At the ongoing Huawei Developer Conference which took off on 9 August in Dongguan in China, Huawei finally revealed details about Harmony OS, its much-rumoured and talked about Android replacement.
Richard Yu, CEO of Huawei’s Consumer Business Group, explained the company’s thoughts behind developing this new OS. “We’re entering a day and age where people expect a holistic intelligent experience across all devices and scenarios. To support this, we felt it was important to have an operating system with improved cross-platform capabilities. We needed an OS that supports all scenarios, that can be used across a broad range of devices and platforms, and that can meet consumer demand for low latency and strong security.”
“These were our goals with HarmonyOS,” he continued. “HarmonyOS is completely different from Android and iOS. It is a microkernel-based, distributed OS that delivers a smooth experience across all scenarios. It has a trustworthy and secure architecture, and it supports seamless collaboration across devices. You can develop your apps once, then flexibly deploy them across a range of different devices.”
As per The Verge, Harmony OS will continue to be called HongmengOS in China. While the Harmony OS tag applies to global markets as per previously applied patents.
At the event, Huawei made it clear that Harmony OS was not meant to replace Android on smartphones but is meant to work across various devices with a focus on security.
As per XDA, Harmony OS is a microkernel-based operating system that is similar to the Fuchsia OS that is being worked upon by Google.
Developers will reportedly be able to utilise Huawei’s ARK Complier to build code from multiple programming languages and build apps for Harmony OS.
Over the next three years, HarmonyOS will be optimized and gradually adopted across a broader range of smart devices, including wearables, Huawei Vision, and head units for your car.
At the announcement, it was also revealed that Harmony OS would not allow for root access which is a security threat for any device running Android.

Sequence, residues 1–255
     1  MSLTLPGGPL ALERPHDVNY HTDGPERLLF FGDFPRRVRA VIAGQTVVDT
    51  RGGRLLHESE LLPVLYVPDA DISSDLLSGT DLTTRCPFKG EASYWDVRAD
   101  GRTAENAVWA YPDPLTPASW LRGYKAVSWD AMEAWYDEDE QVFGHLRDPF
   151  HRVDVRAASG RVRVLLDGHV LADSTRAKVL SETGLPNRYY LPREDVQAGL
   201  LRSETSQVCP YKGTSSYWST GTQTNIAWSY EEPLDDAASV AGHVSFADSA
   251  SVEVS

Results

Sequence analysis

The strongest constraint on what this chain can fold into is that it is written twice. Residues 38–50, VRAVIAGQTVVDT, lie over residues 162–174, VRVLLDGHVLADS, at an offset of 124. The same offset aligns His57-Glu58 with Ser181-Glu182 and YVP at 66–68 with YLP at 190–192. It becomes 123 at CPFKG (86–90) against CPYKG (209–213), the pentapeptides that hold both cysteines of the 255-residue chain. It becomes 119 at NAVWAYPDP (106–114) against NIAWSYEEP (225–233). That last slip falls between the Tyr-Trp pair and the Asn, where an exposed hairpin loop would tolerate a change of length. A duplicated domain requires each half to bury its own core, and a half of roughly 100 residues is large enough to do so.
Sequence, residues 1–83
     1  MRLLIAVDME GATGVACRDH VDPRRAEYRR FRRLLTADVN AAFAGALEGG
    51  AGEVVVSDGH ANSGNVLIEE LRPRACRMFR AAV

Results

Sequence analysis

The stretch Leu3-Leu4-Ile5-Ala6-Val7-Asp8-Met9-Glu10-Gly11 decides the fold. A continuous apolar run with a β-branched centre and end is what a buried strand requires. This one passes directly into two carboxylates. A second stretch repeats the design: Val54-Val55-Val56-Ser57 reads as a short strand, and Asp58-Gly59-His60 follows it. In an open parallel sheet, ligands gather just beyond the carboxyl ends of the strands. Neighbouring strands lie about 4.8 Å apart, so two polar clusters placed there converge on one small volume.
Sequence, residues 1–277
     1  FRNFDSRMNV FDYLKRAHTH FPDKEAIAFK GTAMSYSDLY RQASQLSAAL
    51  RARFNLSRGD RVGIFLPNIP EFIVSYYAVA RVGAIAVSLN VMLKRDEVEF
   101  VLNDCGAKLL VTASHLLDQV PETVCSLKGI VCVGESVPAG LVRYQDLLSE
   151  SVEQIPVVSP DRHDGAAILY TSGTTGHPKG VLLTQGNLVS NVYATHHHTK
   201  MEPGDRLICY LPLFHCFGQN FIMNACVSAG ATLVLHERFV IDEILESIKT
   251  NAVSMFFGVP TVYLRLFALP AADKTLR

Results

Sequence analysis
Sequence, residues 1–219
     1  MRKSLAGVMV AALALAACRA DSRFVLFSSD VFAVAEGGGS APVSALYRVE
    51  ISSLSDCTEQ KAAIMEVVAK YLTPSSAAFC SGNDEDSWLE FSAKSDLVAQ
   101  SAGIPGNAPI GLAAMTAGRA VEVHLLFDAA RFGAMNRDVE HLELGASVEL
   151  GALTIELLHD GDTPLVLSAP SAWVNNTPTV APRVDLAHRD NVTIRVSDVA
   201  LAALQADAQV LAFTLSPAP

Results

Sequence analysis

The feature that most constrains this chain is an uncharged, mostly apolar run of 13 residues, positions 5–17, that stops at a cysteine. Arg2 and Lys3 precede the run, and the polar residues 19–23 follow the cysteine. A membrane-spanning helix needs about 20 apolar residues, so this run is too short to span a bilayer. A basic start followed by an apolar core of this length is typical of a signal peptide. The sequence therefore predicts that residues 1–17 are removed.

Huawei will also open-source Harmony OS in the near future. Until that happens, Huawei will lay the foundations for HarmonyOS in the Chinese market, and then expand it further to the global ecosystem.
While work on this microkernel has been going on for long, Huawei claims that a version 2.0 will be available next year.
Huawei can switch to Harmony OS in about 2 days if need be, but the company has decided on sticking to Android OS for now, keeping the interests of its existing hardware partners in mind. So yes, you won’t be seeing Harmony OS appear on any of Huawei’s smartphones any time soon. What you will see for sure is Huawei new and improved skin (read compatible Android fork) called EMUI version 10.0 that comes with several updates and improvements over the previous version which was often criticized for being too clunky to run on smartphones even with Huawei’s own mobile chipsets.
At the moment, Huawei does not really have a need for Harmony OS as it is allowed to use the more popular Android OS by Google after the Trump administration eased restrictions on the Chinese telecom giant. Still, Harmony OS is Huawei preparing for the inevitable in case things happen to go south with the US.